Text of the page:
Julia Reed  eats, drinks, and shops her way through Los Angeles.

Pictured above, top row, from left:

There is no better place to stay in Los Angeles than one of the guest rooms in Suzanne and Fred Rheinstein’s house in leafy Hancock Park. The one above, featured in Suzanne’s gorgeous book At Home, has the most decadent bed cover ever—a tufted duvet done up in one of the fabrics she designs for Lee Jofa, Glazed Silk in Spinach. The curtains are in the same silk, while the chair and ottoman in the corner are covered in Suzanne’s Garden Roses in Lime Leaf.

Elle Décor is photographing my house in New Orleans next month and  I knew I’d find some much-needed props is Suzanne’s West Hollywood shop, Hollyhock. These fabulous aubergine glass orchid pots will look great in my mostly green living room and they’re so easy. Ditch the cheap plastic pots from the grocery store or florist, shove the orchids in these (you’ve got to get at least one in each size!), and presto, you have instant tablescape glamour.

Suzanne’s book At Home features both her Los Angeles house and her terrific apartment in Manhattan on the Upper East Side, which graces the cover.

Bottom row, from left:

Suzanne’s husband Fred has invested in some of L.A.’s best restaurants (including Joachim Splichal’s amazing Patina). The latest is Thomas Keller’s Bouchon in Beverly Hills. Keller might be a Yankee, but his fried chicken, perfected at Ad Hoc, his casual spot in Yountville, is among the best I’ve ever tasted. Bouchon is beautiful and fun, but one of the best things about it is the fact that you can take the fried chicken home—by the very tasteful bucket full.

My favorite new restaurant in L.A. is Red Medicine, the brainchild of Jordan Kahn, a brilliant young chef from Savannah, Georgia who was he youngest cook ever to work in Thomas Keller’s famous French Laundry kitchen. The menu is reinvented Vietnamese and among the items not to be missed are: the chicken dumplings (insanely delicious chicken meatballs); brussels sprouts with caramelized shallots and fish sauce (so addictive, they should be illegal), and pork belly glazed with malt vinegar and served with lettuce leaves and fresh herbs so you can make your own Vietnamese style wraps. The drinks are as creative as the cooking. In addition to the Pimm’s Cup above, an excellent old fashioned made with cognac, Rittenhouse Bonded Rye, and my favorite Fee Brothers Old Fashioned bitters.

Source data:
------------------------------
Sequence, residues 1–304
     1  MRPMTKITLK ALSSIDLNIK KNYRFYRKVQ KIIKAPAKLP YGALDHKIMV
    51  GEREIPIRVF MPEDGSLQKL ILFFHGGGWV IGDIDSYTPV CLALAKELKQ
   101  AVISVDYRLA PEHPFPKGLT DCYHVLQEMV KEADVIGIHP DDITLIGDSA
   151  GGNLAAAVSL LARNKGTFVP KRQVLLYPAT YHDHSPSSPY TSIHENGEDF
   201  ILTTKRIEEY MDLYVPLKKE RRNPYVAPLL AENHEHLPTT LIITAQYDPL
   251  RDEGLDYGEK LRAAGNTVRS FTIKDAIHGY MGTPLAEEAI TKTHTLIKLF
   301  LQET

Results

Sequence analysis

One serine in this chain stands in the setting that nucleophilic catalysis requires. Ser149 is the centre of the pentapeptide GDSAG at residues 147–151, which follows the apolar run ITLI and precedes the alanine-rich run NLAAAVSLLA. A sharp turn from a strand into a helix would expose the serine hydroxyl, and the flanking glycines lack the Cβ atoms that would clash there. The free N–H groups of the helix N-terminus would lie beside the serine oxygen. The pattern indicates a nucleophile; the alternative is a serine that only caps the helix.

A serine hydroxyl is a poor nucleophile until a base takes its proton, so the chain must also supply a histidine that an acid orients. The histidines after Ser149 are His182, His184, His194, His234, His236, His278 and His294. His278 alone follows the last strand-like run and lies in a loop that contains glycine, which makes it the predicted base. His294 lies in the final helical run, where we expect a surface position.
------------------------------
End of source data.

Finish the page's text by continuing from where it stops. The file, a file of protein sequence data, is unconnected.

The culinary marriage of Nancy Silverton and Mario Batali at Pizzeria Mozza has resulted in some of the finest pizzas on the planet. Pair one with the tricolore salad and a glass of partner Joe Bastianich’s and you have a perfect lunch.  (If L.A. and Pizzeria Mozza aren’t in your immediate future, there’s no reason to wait on the yummy Italian rosé from Bastianich’s vineyard—it’s available, just in time for the warm weather, from A Wine for All.)

About Julia Reed

Julia Reed is a columnist at Garden & Gun magazine and a contributing editor at Elle Décor. She also contributes to The Wall Street Journal, Architectural Digest, and The New York Times, and makes frequent appearances on MSNBC. She is the author of five books, including But Mama Always Put Vodka in the Sangria, Adventures in Eating, Drinking and Making Merry and One Man’s Folly, The Exceptional Houses of Furlow Gatewood.

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